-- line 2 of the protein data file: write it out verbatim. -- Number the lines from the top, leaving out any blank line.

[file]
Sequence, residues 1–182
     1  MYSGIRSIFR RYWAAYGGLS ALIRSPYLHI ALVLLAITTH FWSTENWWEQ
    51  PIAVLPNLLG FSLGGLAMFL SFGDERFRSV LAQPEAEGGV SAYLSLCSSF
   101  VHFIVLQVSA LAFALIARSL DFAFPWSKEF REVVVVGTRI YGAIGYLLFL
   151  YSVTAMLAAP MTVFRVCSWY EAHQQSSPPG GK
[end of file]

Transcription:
     1  MYSGIRSIFR RYWAAYGGLS ALIRSPYLHI ALVLLAITTH FWSTENWWEQ